As regular readers know, I have very serious concerns about the so-called “parent trigger.” This California law (which may be spreading to other states) allows 51% of parents whose children attend a “low-performing” school ( or parents who will have children attending that school in the future), to sign a petition and have major changes made — closing it down completely, replacing the principal and extending the school plus other changes, replacing the principal and firing 50% of the teachers, or converting it into a charter school.
I thought I’d put together a “The Best…” list of related resources today, especially since the California State Board of Education is reviewing potential regulations this week on how to implement the law.
Here are my choices for The Best Resources For Learning Why The Parent Trigger Isn’t Good For Parents, Kids Or Schools (not in order of preference):
I’m going to start off with my Washington Post piece titled “The ‘Parent Trigger’ doesn’t help schools or parents.”
What’s really wrong with ‘parent trigger’ laws is the title of my newest piece in The Washington Post.
And I’m going to follow it up with another post I wrote headlined If It Quacks Like A Duck — Thoughts On The “Parent Trigger”
Seeking Something Better Than the Trigger by David B. Cohen may be the best piece written so far on the topic.
Amina writes on California’s Trigger law: is a thoughtful piece from Justice Matters.
Strengthen and straighten out state’s parent empowerment process is from the President of the California State PTA.
The Los Angeles Times has a surprisingly good editorial titled A better ‘parent trigger’
State faces a moving target in implementing ‘parent trigger’ law is the title of an article in today’s Los Angeles Times. It offers good information and analysis.
Parent Empowerment or Parent Manipulation? by Martha Infante is a blog post at InterACT, the blog of Accomplished California Teachers.
Emily Alpert, a San Diego reporter on education issues (whose articles I like a lot), has written a good, short article on the parent trigger.
Parent Trigger Supporters Attack PTA, Compare Schools To Batterers is the title of another post I’ve written.
Parent ‘Trigger’ Law Draws Attention, Controversy is the headline of a new article in Education Week. It provides a good overview of what’s going on in California, as well as describing which other states are considering implementing similar laws.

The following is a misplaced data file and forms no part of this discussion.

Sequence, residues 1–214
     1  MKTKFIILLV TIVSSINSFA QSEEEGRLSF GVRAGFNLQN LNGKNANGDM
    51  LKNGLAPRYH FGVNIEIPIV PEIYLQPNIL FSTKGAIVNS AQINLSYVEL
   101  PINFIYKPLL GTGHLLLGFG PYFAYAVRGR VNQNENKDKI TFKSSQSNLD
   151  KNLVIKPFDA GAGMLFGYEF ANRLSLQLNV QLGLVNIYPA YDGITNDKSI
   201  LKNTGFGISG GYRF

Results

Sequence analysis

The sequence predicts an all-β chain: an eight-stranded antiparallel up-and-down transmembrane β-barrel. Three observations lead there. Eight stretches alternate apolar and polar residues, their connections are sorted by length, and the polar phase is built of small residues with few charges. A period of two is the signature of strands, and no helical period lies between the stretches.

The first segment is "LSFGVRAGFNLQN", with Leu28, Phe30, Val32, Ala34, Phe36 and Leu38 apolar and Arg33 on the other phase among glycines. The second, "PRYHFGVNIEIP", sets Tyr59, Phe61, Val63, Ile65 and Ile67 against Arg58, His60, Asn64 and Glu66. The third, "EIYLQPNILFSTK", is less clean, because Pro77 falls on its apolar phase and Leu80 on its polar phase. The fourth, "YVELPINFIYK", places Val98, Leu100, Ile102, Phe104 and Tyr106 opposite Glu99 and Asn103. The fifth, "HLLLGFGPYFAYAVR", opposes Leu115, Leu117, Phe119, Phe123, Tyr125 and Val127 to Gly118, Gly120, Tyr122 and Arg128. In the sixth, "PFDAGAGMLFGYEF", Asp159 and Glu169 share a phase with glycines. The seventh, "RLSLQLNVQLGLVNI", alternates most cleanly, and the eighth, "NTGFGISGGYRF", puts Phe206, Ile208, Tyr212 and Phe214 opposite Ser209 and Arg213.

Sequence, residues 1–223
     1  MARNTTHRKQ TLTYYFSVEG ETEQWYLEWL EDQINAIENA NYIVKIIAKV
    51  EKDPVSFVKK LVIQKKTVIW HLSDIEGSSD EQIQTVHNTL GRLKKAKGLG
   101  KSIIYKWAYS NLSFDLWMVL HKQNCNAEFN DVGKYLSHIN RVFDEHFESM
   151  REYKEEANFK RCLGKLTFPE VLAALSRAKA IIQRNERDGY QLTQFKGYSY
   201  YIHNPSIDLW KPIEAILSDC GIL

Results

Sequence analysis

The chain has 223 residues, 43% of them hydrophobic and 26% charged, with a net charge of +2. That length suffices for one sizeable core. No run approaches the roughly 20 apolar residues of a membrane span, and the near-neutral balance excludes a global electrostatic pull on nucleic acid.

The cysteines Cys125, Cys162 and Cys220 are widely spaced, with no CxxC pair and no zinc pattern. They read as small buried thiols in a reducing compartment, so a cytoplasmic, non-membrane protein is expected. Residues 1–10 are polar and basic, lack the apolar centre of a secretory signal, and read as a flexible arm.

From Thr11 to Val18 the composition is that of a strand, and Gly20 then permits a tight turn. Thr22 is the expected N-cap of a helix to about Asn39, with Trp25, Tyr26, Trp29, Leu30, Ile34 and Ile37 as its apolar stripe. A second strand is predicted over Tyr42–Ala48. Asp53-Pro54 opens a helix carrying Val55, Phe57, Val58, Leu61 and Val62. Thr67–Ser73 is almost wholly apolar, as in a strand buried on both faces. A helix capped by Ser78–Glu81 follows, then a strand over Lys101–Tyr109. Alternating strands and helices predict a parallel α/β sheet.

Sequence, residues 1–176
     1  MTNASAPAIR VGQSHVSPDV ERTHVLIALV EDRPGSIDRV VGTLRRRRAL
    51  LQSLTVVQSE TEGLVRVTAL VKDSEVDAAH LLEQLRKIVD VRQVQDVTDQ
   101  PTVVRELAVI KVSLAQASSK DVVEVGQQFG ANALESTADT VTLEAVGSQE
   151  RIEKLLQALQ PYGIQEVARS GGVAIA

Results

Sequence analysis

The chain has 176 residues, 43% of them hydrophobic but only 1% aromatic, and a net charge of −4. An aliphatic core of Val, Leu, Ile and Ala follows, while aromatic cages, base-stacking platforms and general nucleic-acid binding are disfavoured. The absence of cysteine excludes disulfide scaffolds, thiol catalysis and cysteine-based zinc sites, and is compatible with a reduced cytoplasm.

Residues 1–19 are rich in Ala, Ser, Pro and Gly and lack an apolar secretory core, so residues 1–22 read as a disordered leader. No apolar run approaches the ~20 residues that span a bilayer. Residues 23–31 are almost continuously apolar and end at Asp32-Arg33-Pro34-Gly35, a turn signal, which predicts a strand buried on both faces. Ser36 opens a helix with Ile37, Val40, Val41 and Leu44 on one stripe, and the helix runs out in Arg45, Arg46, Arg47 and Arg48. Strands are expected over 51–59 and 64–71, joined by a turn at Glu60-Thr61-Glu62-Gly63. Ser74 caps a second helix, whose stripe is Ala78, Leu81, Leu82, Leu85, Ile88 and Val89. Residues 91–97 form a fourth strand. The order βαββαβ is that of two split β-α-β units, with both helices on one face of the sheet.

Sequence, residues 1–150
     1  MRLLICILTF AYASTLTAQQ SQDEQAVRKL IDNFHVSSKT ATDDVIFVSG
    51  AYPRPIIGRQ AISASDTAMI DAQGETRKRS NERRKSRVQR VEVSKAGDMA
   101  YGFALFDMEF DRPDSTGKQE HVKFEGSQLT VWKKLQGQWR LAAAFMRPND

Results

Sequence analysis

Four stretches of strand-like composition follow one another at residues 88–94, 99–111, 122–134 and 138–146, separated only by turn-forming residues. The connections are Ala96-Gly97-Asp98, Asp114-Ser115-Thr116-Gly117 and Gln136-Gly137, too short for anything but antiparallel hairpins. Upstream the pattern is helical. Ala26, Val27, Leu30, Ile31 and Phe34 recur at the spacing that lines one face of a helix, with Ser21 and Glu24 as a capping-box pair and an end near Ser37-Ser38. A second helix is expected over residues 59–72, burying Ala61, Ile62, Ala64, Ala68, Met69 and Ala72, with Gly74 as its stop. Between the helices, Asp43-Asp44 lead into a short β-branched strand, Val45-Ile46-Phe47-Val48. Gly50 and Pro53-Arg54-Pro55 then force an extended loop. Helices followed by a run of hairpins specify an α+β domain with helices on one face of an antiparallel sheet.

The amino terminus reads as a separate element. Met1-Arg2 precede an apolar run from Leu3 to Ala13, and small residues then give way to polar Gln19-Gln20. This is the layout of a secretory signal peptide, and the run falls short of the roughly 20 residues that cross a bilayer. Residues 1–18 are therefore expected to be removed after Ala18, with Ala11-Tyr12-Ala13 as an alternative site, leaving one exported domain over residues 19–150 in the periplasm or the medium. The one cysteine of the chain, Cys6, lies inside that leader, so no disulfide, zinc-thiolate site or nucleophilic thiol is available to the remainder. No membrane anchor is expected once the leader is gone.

Schwarzenegger’s misleading account of ‘parent trigger’ is the title of a Valerie Strauss piece in The Washington Post. The comments are pretty interesting, too.
“Parent Trigger Divides Families” Says L.A. Times describes the second disastrous attempt to use the trigger in California.
What Really Happens When Parents Pull the “Parent Trigger?” is a good article from The Center For Media and Democracy. It gives a nice overview of the trigger’s origins and its problems.
National Education Policy Center has published an important report on the parent trigger. Here’s an excerpt from their announcement:
the National Education Policy Center asked a group of researchers to describe what we currently know about the parent trigger. The result is a policy memo titled, Missing the Target? The Parent Trigger as a Strategy for Parental Engagement and School Reform, authored by professors from the University of Illinois, UC Berkeley, UCLA, and CU Boulder.
The authors raise several concerns about the parent trigger. They warn that the trigger focuses on changing school governance rather than improving students’ opportunities to learn. The evidence to date suggests that turning public schools over to charter operators or replacing school staff is not likely to lead to better student outcomes. But research has clearly established that students learn more when they have access to quality instructional materials and well-prepared teachers. The authors also caution that while the parent trigger offers a superficial appeal to democratic processes by “letting parents decide,” it ultimately thwarts continued, sustained community and parental involvement.
Is There a Need for Parent Trigger Laws? is a series of commentaries, most providing insightful perspectives, that appears in U.S. News.
“Parent Trigger: No Silver Bullet” is a new “policy brief” from the Annenberg Institute For School Reform.
Bruce D. Baker has written an exceptional post over at his blog, School Finance 101, titled Dismantling Public Accountability & Transparency in the Name of Accountability & Transparency?
The entire post is worth reading, but the third part, which focuses on the parent trigger, I think is particularly good.
He has developed a chart titled “Parent Trigger vs. Traditional District Schooling Governance” that really lays-out key issues very clearly. Here’s how he introduces it:
Parent trigger is quite possibly the most ludicrous corruption of public governance and accountability on the education reformy education policy table. Put simply, parent trigger is the most ill-conceived subversion of governance I’ve seen out there in the reformy playbook.
“Parent trigger” as a pale shadow of community involvement is a very thoughtful post by Sherman Dorn.
Additional suggestions are welcome.
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